What happened at GreenState
GreenState Credit Union, according to the complaint, deducts money from a customer’s account at the instant a debit card is used for a purchase. Those funds are immediately set aside to pay for the purchase when it settles, which is when the funds are actually transferred to the seller’s account. Several days may pass between the time a transaction is authorized and the day that it settles.
If subsequent withdrawals, made days after the initial transaction, push the purchaser’s account into negative territory, the credit union reaches back in time to assess an overdraft fee on the initial debit card transaction as well as any following transaction that was authorized despite the insufficient funds. The actual mechanics of this sleight of hand sound even shadier.
According to the complaint, during its nightly batch-posting process on the date the transaction actually settles:
“GreenState releases the hold placed on the funds for the transaction for a split second, putting money back into the account, and then it re-debits the same transaction moments later. This secret step allows it to charge overdraft fees on transactions that never should have been subject to them.”
This “secret step” is actually no mystery. It is a technique practitioners sometimes refer to as “Authorize Positive Purportedly Settle Negative” or “APPSN” transaction. It is well-known to lawyers who bring lawsuits on behalf of consumers who feel cheated by their banks and credit unions.
It is the source of considerable revenue for banks and credit unions. It has also been under scrutiny by the Consumer Financial Protection Bureau since at least 2015. Moreover, APPSN transactions are also arguably prohibited by GreenState’s own consumer account agreements.
When is “enough money” not enough?
In its online explanation of overdraft fees, GreenState Credit Union makes the following simple statement: “An overdraft occurs when you do not have enough money in your account to cover a transaction, but GreenState pays it anyway so that the transaction is not immediately declined.”
Good enough – no one wants the embarrassment of a declined transaction. That seems fair and straightforward. The problem lies, however, in the meaning of the words “enough money.”
To many accountholders, those two words mean the reported balance, sometimes also called the ledger balance or just the account balance. It is the number depositors see when they check their bank statements.
In practice, however, many banks and credit unions use a different, lower number. They assess overdraft fees when a customer’s “available balance” goes negative. The available balance is the reported balance less any holds that the bank has placed on a deposit or to pay a transaction that has been authorized but has not yet settled. An accountholder’s available balance is often less than the number reported on a bank statement.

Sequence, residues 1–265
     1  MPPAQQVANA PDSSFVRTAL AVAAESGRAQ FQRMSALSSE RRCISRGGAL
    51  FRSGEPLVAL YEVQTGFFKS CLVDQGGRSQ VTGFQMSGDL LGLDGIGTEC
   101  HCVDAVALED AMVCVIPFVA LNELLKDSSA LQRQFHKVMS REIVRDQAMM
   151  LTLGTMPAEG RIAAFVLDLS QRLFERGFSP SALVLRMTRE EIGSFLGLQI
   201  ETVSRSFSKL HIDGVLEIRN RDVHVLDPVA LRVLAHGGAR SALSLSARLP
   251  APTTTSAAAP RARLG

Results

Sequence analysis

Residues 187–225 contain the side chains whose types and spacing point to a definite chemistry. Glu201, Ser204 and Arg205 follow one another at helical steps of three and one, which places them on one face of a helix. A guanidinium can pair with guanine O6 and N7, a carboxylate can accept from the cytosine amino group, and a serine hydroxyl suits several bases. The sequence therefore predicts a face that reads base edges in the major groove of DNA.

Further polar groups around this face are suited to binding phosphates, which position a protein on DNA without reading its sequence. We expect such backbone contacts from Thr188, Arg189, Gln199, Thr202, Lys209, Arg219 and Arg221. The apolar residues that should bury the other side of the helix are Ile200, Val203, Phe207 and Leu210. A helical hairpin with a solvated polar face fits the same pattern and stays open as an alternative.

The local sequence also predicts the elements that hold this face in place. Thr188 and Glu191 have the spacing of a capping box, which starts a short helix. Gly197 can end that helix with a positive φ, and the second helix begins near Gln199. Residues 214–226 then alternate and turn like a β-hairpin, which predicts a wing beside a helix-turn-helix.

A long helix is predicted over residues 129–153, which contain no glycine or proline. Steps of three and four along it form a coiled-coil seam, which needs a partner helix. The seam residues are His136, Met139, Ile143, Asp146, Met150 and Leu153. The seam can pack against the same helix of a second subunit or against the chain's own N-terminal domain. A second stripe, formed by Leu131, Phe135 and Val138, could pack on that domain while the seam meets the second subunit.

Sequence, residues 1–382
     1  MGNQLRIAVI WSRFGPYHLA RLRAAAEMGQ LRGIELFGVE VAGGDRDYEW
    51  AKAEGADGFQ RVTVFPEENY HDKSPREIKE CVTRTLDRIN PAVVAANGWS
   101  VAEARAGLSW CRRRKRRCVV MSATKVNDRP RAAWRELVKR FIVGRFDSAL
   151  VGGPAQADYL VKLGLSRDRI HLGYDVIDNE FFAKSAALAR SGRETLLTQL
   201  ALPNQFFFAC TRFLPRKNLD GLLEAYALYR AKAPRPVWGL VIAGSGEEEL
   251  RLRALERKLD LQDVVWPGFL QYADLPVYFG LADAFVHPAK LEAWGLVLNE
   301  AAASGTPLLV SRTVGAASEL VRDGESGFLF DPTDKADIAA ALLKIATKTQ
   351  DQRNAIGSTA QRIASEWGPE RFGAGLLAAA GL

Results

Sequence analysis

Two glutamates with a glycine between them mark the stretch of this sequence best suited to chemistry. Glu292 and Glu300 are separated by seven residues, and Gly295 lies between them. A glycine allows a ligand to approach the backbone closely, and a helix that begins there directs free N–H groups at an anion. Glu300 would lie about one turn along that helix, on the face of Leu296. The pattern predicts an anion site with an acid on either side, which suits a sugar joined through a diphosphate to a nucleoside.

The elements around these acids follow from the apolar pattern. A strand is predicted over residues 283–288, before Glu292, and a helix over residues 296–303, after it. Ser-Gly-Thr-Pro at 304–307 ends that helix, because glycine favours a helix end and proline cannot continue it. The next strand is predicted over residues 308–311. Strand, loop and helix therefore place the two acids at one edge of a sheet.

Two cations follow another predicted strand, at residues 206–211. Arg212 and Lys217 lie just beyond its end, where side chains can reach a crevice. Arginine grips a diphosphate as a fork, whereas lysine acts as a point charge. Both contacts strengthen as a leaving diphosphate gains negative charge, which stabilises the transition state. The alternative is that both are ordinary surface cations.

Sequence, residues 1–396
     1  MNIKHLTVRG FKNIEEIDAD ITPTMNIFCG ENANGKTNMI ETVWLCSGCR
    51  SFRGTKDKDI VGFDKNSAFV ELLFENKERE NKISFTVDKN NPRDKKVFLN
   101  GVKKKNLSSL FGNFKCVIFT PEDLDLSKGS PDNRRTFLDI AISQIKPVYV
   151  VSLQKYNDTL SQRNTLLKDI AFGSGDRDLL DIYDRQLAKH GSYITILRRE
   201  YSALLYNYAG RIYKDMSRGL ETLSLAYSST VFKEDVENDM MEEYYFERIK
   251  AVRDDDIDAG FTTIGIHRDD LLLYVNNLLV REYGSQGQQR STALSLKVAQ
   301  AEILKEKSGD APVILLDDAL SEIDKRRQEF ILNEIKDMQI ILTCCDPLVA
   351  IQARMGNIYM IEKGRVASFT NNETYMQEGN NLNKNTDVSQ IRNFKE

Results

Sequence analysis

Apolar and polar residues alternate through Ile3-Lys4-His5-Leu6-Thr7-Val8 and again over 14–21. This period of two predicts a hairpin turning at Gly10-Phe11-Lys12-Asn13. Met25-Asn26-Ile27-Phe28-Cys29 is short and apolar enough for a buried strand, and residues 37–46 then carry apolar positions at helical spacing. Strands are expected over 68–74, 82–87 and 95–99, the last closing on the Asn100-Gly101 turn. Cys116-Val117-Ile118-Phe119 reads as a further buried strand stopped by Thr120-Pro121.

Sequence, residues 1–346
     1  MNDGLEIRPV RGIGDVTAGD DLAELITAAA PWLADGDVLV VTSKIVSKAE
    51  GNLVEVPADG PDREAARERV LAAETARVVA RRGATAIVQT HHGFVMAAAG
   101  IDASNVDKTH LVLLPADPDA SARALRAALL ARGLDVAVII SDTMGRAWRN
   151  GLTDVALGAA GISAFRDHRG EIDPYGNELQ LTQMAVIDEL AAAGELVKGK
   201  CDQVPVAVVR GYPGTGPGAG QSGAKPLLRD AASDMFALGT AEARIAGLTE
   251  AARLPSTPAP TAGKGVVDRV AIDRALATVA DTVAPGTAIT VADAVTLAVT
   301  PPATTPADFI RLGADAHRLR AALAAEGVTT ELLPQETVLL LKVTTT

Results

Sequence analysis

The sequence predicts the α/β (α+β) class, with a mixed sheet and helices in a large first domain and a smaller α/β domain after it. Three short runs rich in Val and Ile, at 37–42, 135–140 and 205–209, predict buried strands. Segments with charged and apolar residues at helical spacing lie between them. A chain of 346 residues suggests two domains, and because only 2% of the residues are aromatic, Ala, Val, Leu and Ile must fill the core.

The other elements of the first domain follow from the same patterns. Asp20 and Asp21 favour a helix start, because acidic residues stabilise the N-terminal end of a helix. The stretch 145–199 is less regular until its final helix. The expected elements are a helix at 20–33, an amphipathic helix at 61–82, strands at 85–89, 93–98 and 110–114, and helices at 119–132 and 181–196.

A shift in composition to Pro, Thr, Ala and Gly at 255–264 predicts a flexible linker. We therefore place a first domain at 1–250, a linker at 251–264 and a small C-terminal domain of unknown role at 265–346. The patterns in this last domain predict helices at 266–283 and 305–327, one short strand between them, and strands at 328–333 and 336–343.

To the customer, “enough money” refers to the account balance. To the bank, “enough money” refers to the available balance. By the bank’s calculation, an account may not have “enough money” even when the account holder thinks that everything is fine. That’s when the bank awards itself an overdraft fee, usually in the neighborhood of $35.
No one could know this from GreenState Credit Union’s deceptively simple statement about when overdrafts occur. Because neither the midnight batching routine nor difference between “account balance” and “available balance” are disclosed, checking account customers cannot protect themselves from unwelcome fees. To get zoological for a moment – they are sitting ducks, sheep waiting to be fleeced.
A widespread problem
READ MORE EXCESSIVE OVERDRAFT FEE LEGAL NEWS
For example, TD Bank agreed to settle several consolidated class action overdraft fee lawsuits for $70 million. Bank of America agreed to pay $66.6 million to settle a similar lawsuit that claimed it had violated the National Bank Act. In late 2019, Ent Credit Union in Colorado Springs agreed to settle a class action overdraft fee lawsuit for an undisclosed amount of money.
None of these is dispositive of Catherine Razavi’s lawsuit, of course. The overall message, however, is that checking account customers who believe that they have been mistreated by their banks do not simply have to “put up” with small-scale but pervasive cheating. Help is often available through the legal process.